Articles - Auto-escalation


It is all too easy for employees to become disengaged once they have agreed to Auto-escalation. Just like with Auto-enrolment, it relies upon inertia – on employees not being engaged so that they don’t opt out. Auto-escalation can improve an individual’s outcome for retirement, but it won’t be right for everyone – for most it is only a start.

 By Jo Thresher. Head of Money at Work, Jelf Group
 
 Does auto-escalation work and does it improve retirement outcomes?
 Before addressing whether auto-escalation works, the concept of auto-enrolment must first be considered. Automatic Enrolment was introduced because individuals were not saving enough into their pensions, and when it came to retirement they would be relying heavily on the State to support them in their life after work. Auto-enrolment relied on the idea that employees won’t make the effort to opt-out so they will stay enrolled and be saving without having to make active decisions. But that was only the first step. Most employers and employees are only contributing the minimum amount into employee pensions, and that’s just not enough. That is where auto-escalation comes in: employees agree to auto-escalation (or are enrolled and then have the choice to opt-out), then each year their contributions increase by an agreed percentage without them having to request the increase each time. Therefore, savings are increasing gradually, pension pots are growing and some employees will have enough to have the retirement they want. If this is the case, then auto-escalation does work.

 But employers can’t guarantee that it will work for everyone. Many pension schemes in the U.S.A. have auto-escalation as a feature, and studies there have shown that participants tend to leave their contributions at the minimum1. Employees just aren’t engaged with their pension savings: they assume that auto-escalation means everything is taken care of, they are saving enough, and they can retire comfortably when they want. However, starting at the minimum contribution level and increasing slowly year on year takes a long time to get to the suggested percentage that individuals should be saving at, if it reaches that level at all. The assumption that auto-enrolment and auto-escalation rates are optimal means that they do not and will not work for most people.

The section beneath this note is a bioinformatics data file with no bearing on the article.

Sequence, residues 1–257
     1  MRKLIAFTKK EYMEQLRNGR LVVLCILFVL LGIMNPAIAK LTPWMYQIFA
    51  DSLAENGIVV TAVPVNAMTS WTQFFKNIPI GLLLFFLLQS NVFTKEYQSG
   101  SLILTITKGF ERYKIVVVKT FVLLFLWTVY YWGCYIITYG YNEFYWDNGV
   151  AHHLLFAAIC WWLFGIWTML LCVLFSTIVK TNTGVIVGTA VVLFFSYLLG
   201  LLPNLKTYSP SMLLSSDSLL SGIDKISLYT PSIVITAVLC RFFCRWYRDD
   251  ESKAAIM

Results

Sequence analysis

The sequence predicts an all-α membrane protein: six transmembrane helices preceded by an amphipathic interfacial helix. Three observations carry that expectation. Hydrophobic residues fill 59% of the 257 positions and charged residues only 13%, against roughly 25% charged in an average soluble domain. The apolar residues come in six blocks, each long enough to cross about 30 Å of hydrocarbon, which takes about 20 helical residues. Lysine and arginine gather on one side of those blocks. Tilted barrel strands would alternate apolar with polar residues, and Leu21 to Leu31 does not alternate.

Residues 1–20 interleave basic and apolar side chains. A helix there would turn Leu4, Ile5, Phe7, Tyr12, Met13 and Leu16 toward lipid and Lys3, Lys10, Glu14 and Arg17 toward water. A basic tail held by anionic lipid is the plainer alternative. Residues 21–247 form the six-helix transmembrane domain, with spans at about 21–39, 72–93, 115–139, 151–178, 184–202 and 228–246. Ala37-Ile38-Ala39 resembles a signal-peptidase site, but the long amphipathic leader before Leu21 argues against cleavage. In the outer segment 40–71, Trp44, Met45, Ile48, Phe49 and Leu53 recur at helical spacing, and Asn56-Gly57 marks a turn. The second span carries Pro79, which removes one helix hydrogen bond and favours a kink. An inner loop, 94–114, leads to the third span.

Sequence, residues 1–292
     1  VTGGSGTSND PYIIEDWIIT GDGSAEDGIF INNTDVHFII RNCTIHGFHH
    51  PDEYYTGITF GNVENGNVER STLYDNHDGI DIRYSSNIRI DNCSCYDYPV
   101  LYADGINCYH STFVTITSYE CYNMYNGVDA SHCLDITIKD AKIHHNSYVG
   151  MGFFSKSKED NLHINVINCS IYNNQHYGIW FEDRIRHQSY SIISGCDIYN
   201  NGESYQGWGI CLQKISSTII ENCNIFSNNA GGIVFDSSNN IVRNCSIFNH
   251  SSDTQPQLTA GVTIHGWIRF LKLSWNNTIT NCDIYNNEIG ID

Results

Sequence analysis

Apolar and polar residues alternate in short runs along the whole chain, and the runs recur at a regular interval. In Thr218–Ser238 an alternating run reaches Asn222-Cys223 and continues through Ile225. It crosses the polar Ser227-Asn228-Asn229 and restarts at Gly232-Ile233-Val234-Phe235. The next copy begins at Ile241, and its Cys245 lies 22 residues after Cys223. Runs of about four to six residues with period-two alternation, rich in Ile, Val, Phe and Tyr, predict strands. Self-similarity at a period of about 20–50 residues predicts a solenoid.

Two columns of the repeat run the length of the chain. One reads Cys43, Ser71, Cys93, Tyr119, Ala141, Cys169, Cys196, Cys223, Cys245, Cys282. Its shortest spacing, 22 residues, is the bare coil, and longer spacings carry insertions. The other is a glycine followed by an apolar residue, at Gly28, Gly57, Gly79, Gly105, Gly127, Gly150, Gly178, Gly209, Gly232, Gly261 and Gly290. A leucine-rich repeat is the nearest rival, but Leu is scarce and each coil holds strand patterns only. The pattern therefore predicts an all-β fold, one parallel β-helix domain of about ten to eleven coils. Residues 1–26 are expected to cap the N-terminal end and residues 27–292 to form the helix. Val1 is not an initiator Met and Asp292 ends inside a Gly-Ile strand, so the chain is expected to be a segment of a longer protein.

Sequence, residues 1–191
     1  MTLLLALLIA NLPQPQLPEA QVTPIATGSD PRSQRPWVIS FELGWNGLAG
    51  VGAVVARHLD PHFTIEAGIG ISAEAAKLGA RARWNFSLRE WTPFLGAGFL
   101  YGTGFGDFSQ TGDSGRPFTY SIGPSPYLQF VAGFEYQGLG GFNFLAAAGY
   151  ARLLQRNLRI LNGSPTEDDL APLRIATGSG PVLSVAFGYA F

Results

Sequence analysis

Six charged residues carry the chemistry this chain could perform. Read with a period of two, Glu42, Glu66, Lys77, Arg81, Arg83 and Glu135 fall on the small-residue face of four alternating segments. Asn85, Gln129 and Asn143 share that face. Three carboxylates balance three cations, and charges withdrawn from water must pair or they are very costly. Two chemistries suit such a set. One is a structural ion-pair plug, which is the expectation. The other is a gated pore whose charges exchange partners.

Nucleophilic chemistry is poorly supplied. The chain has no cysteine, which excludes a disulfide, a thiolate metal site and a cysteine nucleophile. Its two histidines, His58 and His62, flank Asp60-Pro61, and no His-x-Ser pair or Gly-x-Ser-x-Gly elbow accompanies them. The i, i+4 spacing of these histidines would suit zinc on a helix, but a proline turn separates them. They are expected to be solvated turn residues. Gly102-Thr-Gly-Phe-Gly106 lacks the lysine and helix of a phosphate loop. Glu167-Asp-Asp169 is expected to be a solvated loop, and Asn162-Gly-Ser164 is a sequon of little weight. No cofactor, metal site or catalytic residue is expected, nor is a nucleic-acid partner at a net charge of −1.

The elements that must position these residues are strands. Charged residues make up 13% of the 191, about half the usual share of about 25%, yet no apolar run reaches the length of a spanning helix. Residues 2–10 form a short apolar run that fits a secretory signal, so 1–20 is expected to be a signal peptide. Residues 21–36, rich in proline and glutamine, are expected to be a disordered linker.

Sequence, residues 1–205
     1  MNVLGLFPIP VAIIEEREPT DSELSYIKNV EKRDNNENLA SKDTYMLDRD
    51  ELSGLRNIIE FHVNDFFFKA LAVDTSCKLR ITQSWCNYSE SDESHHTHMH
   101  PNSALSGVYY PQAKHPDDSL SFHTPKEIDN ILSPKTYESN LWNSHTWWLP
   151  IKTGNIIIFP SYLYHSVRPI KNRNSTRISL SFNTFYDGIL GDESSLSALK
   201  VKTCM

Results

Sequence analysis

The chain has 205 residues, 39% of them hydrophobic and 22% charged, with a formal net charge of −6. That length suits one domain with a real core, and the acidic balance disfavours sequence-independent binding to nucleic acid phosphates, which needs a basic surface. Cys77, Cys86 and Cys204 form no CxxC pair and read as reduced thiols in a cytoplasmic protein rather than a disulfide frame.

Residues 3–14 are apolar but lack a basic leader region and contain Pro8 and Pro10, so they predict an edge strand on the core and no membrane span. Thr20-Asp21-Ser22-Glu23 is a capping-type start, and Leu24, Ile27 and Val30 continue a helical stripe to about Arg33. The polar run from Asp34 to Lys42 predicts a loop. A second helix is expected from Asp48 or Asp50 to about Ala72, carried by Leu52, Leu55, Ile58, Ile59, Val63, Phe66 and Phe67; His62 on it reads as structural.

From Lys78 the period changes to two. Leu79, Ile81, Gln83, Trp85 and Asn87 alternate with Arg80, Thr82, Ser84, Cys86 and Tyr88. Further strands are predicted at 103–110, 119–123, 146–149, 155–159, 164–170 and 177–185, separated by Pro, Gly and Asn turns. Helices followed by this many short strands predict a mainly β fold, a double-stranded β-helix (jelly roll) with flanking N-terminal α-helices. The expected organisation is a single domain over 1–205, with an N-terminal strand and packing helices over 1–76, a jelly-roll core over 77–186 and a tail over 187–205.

The minimum contribution level under auto-enrolment is 5% for employees and 3% for employers: 8% in total. But 8% of a lower salary can be vastly different to 8% of a higher salary – there is a discrepancy between the level of savings of higher and lower earners. This means that personal circumstances need to be taken into account when discussing pension savings, and that means employees need to be engaged and making active decisions that work for them. A report by the Pensions Policy Institute2 found that the probability of an employee achieving their target retirement income changed with their earnings level. The probability for an employee to achieve their target was 63% for lower earners, IF they started saving at 22, IF they retire at the state pension age and IF they follow a “traditional investment approach”. But we need to consider those employees who don’t start saving at 22, which unfortunately, even with the introduction of auto-enrolment, is still the majority of individuals.

 Therefore, retirement outcomes for employees are only improved by auto-escalation if the pot they get at retirement is what they need. Auto-escalation can’t guarantee that, it only does part of the job. Employees need to know how much they need in retirement before they know how much they need to save. There is the assumption that minimum contribution levels and gradual increases in salary result in a good retirement, but if it’s not enough for one person then it doesn’t work. Auto-escalation cannot provide good retirement outcomes for everyone.